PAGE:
Carrie: Thank you Dr. Gornik for your reply. Will the compression stocking help to reduce the "growth" of the varicose veins or just minimize symptoms? Is there anything I can do to stop them from growing?

Speaker- Dr. Gornik: Good question Carrie. Compression stocking can actually do both. They'll help your swelling. In addition, they can help treat the high vein pressures in the legs that might lead to new spider vein formation. Compression stockings are first line therapy for venous insufficiency or varicose veins.

Carrie: Oh great, thanks! How do I know which kind to get and do I need a prescription for stockings or can I just buy them? Which would you recommend? Do I wear the stockings all the time or just once in a while?

Speaker- Dr. Gornik: Lower grade elastic compression stockings can be purchased over the counter at a pharmacy or medical supply store. You only need a prescription for higher grade compression stockings. I'd recommend wearing the stockings during the day and remove at night while in bed or "lounging" with your legs up. This should be a good start.


Sandy: Is there a way to enhance your body's own clot busting efforts? (or not thwart them by eating wrong things)?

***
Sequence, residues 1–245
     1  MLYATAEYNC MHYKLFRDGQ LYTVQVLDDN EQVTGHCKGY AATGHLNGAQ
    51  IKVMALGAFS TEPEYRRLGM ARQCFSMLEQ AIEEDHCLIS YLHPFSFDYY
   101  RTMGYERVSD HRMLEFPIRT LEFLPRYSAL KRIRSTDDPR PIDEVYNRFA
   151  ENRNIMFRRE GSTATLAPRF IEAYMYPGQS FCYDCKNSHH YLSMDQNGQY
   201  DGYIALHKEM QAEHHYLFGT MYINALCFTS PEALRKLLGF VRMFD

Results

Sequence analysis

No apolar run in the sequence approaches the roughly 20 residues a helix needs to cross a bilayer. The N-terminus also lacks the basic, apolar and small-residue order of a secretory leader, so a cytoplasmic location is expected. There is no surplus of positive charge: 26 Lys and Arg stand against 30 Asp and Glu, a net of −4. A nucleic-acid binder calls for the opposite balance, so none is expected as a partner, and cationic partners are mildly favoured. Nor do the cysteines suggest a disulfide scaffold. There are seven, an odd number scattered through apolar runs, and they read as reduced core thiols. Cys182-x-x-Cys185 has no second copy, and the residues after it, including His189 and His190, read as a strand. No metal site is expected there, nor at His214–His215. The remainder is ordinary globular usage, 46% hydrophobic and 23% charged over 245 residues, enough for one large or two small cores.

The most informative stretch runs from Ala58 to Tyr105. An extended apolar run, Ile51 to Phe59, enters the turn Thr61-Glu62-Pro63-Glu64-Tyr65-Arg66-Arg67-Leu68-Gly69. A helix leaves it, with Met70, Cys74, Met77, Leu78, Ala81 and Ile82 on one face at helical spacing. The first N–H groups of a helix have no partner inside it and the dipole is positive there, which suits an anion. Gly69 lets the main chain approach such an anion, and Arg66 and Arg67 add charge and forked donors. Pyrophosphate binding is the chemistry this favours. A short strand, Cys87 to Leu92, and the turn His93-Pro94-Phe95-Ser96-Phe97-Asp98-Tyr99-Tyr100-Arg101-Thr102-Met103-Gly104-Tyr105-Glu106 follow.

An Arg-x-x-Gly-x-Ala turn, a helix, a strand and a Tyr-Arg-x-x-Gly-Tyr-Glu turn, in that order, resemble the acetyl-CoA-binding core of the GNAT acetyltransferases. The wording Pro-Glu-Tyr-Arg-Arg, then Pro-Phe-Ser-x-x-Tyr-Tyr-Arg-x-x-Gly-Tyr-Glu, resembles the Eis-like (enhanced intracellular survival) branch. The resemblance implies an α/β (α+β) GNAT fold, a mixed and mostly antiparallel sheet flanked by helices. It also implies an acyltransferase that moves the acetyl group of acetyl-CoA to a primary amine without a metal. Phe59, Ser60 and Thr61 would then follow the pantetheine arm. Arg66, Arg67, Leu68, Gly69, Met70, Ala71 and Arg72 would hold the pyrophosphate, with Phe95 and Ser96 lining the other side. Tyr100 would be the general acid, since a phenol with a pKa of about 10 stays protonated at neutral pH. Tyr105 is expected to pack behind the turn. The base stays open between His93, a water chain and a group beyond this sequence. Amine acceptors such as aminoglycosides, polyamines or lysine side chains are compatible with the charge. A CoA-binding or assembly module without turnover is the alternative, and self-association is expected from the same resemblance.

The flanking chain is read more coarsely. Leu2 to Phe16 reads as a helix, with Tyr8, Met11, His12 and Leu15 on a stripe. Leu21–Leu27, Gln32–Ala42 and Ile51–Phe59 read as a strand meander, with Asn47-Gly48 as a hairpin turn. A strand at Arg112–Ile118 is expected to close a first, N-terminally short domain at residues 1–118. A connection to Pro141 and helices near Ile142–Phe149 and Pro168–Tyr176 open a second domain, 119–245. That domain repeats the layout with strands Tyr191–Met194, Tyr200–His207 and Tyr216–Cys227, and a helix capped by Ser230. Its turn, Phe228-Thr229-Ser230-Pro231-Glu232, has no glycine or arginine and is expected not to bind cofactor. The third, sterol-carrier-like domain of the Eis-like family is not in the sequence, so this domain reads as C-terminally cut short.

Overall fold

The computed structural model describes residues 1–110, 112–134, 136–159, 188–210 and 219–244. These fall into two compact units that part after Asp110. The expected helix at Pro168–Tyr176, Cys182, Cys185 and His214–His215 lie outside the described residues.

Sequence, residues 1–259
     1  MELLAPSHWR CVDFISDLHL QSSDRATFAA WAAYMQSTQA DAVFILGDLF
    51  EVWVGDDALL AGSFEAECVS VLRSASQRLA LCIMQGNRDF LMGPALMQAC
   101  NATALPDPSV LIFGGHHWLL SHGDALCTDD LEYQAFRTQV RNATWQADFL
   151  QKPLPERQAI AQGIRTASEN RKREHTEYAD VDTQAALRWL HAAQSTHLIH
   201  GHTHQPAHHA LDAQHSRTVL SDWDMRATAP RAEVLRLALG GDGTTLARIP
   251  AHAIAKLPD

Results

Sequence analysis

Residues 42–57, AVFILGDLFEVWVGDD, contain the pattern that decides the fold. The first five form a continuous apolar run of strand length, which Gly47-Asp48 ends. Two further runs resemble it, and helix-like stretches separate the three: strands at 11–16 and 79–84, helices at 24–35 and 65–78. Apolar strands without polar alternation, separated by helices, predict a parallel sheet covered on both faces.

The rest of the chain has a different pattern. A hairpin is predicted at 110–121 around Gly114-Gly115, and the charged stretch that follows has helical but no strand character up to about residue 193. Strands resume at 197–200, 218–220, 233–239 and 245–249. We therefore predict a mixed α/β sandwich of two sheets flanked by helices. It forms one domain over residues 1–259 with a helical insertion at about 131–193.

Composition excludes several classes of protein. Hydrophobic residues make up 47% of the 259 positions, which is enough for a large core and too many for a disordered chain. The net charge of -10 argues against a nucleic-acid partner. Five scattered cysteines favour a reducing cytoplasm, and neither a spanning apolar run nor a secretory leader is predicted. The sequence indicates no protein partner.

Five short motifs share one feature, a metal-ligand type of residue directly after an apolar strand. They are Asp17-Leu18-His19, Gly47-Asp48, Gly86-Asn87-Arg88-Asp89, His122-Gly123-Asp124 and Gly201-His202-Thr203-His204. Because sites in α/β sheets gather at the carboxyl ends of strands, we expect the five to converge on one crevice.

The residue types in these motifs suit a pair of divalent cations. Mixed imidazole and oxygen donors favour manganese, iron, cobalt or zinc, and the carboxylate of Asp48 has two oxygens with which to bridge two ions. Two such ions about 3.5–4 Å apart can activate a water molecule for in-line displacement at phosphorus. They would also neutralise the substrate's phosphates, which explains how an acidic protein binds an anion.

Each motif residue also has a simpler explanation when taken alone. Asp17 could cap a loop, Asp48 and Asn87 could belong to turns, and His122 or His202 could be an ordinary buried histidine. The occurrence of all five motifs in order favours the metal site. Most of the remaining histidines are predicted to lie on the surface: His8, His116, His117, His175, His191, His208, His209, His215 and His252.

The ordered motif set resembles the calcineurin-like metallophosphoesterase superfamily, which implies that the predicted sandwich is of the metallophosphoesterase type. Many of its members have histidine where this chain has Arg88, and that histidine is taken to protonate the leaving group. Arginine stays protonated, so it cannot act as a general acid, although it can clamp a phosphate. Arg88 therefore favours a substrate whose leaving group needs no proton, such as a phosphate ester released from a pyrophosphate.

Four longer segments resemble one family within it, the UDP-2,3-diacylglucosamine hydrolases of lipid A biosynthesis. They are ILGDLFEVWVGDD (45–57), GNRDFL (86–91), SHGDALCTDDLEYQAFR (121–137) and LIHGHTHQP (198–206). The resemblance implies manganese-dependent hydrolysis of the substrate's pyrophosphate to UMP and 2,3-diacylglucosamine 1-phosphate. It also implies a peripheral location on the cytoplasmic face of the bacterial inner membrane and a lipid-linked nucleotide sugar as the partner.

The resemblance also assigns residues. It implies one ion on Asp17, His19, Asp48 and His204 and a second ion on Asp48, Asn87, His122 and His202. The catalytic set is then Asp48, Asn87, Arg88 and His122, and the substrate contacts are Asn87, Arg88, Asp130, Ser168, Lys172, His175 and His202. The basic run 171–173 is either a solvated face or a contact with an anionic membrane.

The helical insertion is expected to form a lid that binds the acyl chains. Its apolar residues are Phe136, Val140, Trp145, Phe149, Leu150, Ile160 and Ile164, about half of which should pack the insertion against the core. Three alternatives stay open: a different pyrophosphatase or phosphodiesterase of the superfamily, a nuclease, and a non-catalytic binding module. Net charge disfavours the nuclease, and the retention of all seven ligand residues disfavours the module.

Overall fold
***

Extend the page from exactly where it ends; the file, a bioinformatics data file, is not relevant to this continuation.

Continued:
Speaker- Dr. Gornik: Hi Sandy, No clinical trials in this area, but basic science research suggests that maintaining a healthy body weight, exercise, and nutritious diet might help...


VDF Moderator: This next question was also e-mailed to us ahead of time: I have experienced in the last two months my right thumb tip turning blue and swollen periodically. It does not happen everyday, maybe once a week. I am unsure what it is associated with. My question is can someone have Raynaud’s phenomenon in only one digit?

Speaker- Dr. Gornik: Raynaud’s phenomenon can happen in only one digit, but this is the exception rather than the rule. I would be very, very suspicious that there is "something else going on" in terms of the blood flow to your hand, such as damage to an artery. I would wonder if the questioner has a job where his or her hand is used a lot (such as using the hand as a hammer). I'd definitely recommend seeing a hand specialist and/or a vascular specialist to pursue the work up for this.


Chai: If one is diagnosed with DVT would strenuous exercise be recommended? Is it correct to assume that a clot would "break off" and cause a PE or other damage? Once a clot forms can it be reduced non-surgically or made more flexible so it doesn't fragment?

Speaker- Dr. Gornik: Hi Chai. Good question. We used to recommend bed rest for DVT patients for that reason, but a clinical trial showed that this was not necessary. I generally tell patients with DVT that, once they are on anticoagulation, they can walk and do light aerobic exercise. I generally avoid heavy exercise for at least a few weeks. If patients are on blood thinners, I also recommend against "extreme activities" such as any sports which involve physical contact (boxing, rugby), down hill skiing in most cases, etc. These are situations which increase bleeding risk while on blood thinners.